U.S. benchmark crude rose 84 cents to close at $88.91 per barrel in New York. In London, Brent crude rose 47 cents to close at $111.23 per barrel. Natural gas continued to tumble on forecasts for a warm beginning to December. It fell 2.4 percent to close at $3.56 per thousand cubic feet and has dropped 5.5 percent since Tuesday.
German lawmakers approved further aid to Greece Friday, raising hopes that Europe will continue to slowly heal from its debt crisis. In the U.S. lawmakers reported no progress in talks to avoid a series of tax increases and spending cuts that economists say risk a recession if they go into effect at the start of next year.
If Europe emerges from its debt crisis, increased economic activity there could push up global oil demand. But a slower U.S. economy would reduce demand.
Traders still don't believe, though, that U.S. lawmakers will fail to come to a deal, said Bob Yawger, an analyst at Mizuho Securities USA. Even with Republican House Speaker John Boehner saying Friday that lawmakers were "almost nowhere" on reaching a compromise.
Oil had its first monthly gain since August, but is still trading below the 2012 average of $94.65 per barrel. The price wavered between $84 and $89 per barrel in November with few dramatic moves up or down. Analysts say oil would be even lower if not for events in the Middle East.
Julian Jessop, an analyst at Capital Economics in London, estimates that oil is priced $10 to $20 per barrel higher because of worries that the violence in the Middle East could spread and disrupt future oil supplies.
Oil supplies are relatively high and economies around the world are growing slowly. So demand for fuels to ship goods and for travel is weaker than expected.
Capital Economics estimates oil will average $80 per barrel next year, which would be the lowest level since 2010, when crude averaged $79.84.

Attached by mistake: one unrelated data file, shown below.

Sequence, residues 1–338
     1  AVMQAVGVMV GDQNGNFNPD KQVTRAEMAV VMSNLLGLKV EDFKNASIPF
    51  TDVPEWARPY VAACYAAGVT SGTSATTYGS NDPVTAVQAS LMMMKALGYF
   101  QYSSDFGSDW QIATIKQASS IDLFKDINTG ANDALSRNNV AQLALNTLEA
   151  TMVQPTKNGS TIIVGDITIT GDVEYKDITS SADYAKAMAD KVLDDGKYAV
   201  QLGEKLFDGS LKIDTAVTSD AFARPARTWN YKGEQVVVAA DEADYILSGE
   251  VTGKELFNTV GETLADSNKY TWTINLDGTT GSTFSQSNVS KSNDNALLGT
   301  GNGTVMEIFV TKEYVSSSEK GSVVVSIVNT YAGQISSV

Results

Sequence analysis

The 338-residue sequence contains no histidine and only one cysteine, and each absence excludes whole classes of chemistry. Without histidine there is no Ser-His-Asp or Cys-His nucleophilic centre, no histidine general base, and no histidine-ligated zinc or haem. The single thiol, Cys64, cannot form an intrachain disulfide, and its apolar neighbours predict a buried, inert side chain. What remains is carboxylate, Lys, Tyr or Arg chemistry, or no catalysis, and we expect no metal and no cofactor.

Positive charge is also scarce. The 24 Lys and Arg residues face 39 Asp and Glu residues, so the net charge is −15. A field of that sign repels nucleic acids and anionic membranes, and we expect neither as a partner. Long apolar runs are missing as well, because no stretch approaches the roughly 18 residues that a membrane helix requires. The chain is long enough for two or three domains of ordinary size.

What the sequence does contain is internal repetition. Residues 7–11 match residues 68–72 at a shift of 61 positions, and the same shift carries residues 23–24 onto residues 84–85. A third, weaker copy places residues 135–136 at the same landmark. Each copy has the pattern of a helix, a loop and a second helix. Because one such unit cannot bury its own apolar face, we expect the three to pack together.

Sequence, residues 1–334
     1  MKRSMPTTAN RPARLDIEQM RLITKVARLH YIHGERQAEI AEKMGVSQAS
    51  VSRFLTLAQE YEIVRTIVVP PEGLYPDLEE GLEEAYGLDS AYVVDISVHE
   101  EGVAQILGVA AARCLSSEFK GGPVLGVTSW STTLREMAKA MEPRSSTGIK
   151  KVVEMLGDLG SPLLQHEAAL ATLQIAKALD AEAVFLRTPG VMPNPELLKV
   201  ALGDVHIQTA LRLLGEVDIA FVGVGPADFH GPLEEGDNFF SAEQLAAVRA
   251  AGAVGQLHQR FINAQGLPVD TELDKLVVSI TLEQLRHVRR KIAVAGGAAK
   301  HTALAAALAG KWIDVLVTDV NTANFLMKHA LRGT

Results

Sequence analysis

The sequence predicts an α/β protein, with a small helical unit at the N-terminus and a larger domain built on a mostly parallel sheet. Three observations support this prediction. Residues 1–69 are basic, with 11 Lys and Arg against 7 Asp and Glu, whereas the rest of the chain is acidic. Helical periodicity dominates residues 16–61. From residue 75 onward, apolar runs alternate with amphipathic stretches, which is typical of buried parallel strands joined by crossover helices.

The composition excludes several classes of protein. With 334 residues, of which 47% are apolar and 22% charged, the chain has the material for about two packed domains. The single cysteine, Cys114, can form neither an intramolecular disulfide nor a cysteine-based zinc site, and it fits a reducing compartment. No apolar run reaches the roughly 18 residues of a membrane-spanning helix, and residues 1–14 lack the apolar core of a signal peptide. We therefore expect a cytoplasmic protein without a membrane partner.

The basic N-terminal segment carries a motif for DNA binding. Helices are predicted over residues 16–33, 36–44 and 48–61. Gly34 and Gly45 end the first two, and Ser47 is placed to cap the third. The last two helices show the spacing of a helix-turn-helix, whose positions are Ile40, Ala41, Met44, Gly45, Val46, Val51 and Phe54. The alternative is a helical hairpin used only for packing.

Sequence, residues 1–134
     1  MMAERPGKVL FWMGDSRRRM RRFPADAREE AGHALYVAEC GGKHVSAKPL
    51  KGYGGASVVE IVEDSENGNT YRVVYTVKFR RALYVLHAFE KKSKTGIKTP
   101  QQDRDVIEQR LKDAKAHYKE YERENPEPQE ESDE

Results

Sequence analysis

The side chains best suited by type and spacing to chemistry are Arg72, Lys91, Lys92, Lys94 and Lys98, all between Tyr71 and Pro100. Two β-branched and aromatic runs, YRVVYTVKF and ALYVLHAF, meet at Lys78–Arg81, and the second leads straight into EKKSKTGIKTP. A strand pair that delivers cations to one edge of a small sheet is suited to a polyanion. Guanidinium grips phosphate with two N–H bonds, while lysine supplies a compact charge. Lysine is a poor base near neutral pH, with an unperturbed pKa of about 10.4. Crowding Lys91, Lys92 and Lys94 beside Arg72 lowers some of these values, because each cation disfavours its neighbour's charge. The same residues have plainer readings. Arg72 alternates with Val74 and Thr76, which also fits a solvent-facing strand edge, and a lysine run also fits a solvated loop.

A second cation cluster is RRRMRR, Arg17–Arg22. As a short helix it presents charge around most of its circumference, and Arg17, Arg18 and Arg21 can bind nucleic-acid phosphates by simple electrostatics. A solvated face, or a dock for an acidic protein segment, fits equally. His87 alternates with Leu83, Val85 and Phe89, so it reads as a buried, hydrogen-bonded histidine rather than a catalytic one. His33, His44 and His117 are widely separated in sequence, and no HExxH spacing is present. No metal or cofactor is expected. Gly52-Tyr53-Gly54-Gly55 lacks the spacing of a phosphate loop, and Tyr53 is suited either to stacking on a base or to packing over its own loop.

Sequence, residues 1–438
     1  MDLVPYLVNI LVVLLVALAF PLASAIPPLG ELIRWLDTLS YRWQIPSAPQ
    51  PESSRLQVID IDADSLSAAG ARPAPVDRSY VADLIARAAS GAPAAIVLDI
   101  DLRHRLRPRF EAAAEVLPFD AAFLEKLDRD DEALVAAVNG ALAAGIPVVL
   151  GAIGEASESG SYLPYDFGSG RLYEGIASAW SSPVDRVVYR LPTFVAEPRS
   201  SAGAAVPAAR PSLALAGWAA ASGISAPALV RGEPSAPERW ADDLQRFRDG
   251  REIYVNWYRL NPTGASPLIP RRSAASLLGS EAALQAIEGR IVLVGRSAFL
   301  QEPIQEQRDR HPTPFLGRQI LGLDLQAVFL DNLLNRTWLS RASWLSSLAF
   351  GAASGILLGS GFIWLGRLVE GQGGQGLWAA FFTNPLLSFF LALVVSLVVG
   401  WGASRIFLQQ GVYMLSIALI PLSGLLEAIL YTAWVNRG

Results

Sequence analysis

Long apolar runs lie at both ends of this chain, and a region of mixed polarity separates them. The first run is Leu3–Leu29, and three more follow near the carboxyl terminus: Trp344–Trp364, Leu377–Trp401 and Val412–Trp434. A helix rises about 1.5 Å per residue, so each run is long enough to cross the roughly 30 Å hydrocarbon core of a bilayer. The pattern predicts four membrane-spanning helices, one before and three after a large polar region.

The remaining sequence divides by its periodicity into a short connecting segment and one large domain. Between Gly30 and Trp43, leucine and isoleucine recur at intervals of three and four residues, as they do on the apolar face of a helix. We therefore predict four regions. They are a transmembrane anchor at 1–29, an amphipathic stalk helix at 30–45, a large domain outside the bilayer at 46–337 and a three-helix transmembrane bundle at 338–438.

U.S. retail gasoline prices dropped steadily—if slowly—in November. Friday the national average fell less than a penny to $3.40 per gallon, according to the Oil Price Information Service, AAA and Wright Express. That's 12 cents lower than at the start of the month.
The difference in prices around the country is wider than usual. Drivers in some Northeastern states are paying almost $4 per gallon on average because supplies remain tight in the aftermath of Superstorm Sandy, which closed refineries, pipelines and fuel terminals for a time in New York and New Jersey. In the Southeast and southern Midwest drivers are paying closer to $3 per gallon.
New York drivers are paying $3.88 per gallon, on average, the highest in the country behind Hawaii. Missouri drivers pay the least at $3.15 per gallon.
Natural gas prices are near where they were at the beginning of the month, though trading was volatile. Natural gas rose to nearly $4 per thousand cubic feet for the first time since September of 2011 on expectations of a cold winter and an increase in heating demand.
Then prices tumbled back down this week when forecasters said early December temperatures should be warm and the Energy Department reported that national supplies of natural gas grew at a time when usually they fall.
In other energy futures trading on the New York Mercantile Exchange:
— Heating oil finished unchanged at $3.06 per gallon.
— Wholesale gasoline finished unchanged at $2.73 per gallon.